According to Mauti, Jay was "an example of everything a coach should not be." Astorino doesn’t disagree with Mauti about that. "Mike Mauti is a passionate guy, and if you get the chance he’s going to tell you how it is, and I respect him for doing that," he said. "I’m not going to go into detail, but a lot of practice situations...and I’m not over on the offensive side of the ball, so I don’t know a lot about what they did, and I didn’t really care about what they did. I cared about what we did. But the way [Jay] acted sometimes...what I’m saying is, if you say Mike Mauti’s a liar because he said that, you’re a liar."
Astorino wanted it to be clear that his feelings about Jay do not reflect his feelings about Joe Paterno. "They’re two opposite and separate entities in my mind," he said. "I went to Penn State to play under Joe, and it was one of the greatest experiences I’ve ever had. And I wouldn’t trade it for the world. So whatever I say about Jay, and however I feel about Jay, means no disrespect to Joe at all. Because I respect that man probably more than I respect anybody."
Mauti and Astorino are very close friends, and Astorino commended Mauti’s honesty. "It’s kind of tough," Astorino said. "You’re asking Mauti questions like this, but you don’t want to hear the truth. It was a season, especially at the end, that nobody can understand. You can’t write a book about it, because the book would be too long. I think Mike kind of led by example, ‘listen, let’s just tell it the way it was and the way it happened,’ and what’s bad about that?"
In an Aug. 26 article published by the York Daily Record, Frank Bodani wrote that Mauti said he "followed the script of keeping negative Penn State football thoughts and comments out of public view." Astorino’s reaction to this was something along the lines of "duh."
"In my personal opinion, no matter who you’re under, if you’re in a school, or if you’re in a job, or if you’re on a team, that’s a responsibility of everybody: [maintaining] the image of a team, [maintaining] the image of whoever you’re playing with," Astorino said. "So do the Alabama coaches say everything about Nick Saban? No, because they want to [maintain] an image. I don’t necessarily think that’s anything special, I just think that’s the way it should be. That particular comment, I don’t take it as we were trying to really hide things and protect Joe, I just think that’s how you run an organization."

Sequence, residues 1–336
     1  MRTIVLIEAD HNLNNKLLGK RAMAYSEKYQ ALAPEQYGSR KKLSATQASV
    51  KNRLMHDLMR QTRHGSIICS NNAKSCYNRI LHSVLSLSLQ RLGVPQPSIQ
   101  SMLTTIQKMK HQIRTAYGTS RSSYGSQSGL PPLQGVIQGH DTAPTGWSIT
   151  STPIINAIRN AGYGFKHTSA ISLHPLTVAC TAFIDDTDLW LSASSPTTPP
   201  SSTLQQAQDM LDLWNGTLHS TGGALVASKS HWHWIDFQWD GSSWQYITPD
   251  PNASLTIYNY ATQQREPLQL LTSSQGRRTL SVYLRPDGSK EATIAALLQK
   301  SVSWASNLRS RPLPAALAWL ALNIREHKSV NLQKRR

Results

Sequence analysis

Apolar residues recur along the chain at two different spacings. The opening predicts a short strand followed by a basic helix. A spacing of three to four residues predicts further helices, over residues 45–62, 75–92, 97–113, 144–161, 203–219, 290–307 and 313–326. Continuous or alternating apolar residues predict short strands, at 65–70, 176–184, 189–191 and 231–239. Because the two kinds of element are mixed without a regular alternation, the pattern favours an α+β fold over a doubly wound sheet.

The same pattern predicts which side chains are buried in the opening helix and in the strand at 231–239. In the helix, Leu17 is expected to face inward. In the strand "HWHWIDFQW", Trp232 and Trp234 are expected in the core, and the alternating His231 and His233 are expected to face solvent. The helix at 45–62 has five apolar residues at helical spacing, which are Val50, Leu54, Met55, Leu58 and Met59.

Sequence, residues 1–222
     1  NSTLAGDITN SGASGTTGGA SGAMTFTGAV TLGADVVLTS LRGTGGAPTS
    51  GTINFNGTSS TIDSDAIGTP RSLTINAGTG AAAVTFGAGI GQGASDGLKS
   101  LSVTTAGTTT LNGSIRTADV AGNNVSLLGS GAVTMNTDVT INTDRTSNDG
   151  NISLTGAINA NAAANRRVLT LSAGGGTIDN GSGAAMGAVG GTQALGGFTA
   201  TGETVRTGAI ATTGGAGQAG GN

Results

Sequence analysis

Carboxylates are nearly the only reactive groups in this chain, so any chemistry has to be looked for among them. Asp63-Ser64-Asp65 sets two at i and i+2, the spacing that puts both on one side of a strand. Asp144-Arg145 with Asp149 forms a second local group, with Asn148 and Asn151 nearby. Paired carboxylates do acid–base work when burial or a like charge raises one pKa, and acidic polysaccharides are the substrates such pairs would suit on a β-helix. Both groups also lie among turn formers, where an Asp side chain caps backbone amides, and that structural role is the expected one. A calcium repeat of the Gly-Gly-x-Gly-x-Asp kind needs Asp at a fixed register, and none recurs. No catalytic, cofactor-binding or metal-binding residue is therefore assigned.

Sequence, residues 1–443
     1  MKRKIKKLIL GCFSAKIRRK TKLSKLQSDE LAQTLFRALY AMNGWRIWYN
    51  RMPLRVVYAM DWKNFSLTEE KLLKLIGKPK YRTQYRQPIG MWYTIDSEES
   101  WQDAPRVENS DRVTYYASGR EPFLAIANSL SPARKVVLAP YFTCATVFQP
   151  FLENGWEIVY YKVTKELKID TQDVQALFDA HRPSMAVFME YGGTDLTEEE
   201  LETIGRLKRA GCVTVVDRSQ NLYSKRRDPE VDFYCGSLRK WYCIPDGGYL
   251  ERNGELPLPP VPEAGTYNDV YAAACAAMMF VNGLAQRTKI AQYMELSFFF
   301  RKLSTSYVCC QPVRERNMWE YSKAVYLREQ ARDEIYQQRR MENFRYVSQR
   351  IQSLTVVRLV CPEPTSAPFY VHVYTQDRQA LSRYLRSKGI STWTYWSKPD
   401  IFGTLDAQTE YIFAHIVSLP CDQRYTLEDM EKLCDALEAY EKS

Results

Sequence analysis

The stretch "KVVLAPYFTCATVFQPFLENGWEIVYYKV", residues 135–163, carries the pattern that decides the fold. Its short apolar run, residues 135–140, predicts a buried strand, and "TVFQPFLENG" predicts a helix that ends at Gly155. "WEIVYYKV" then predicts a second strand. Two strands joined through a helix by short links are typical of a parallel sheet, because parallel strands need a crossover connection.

Astorino isn’t dwelling on the way the media or the public is reacting to this story. And despite the tough road that he and his teammates faced, he wouldn’t change his experience. That is a sentiment he’s made clear to me before. "They can say whatever they want about my decision to do that, or about what happened in the locker room," he said. "But I’ll say this to the day I die: what happened, the whole situation, if I was a 16 year old kid choosing [a school], knowing what we went through, I’d do it all over again. Because that’s how much I wanted to play at Penn State, that’s how much I care about Penn State, and that’s how much Penn State means to me still, even through all of that stuff. I’m wearing a Penn State hat no matter where I go, because I want people to know that I’m a part of it."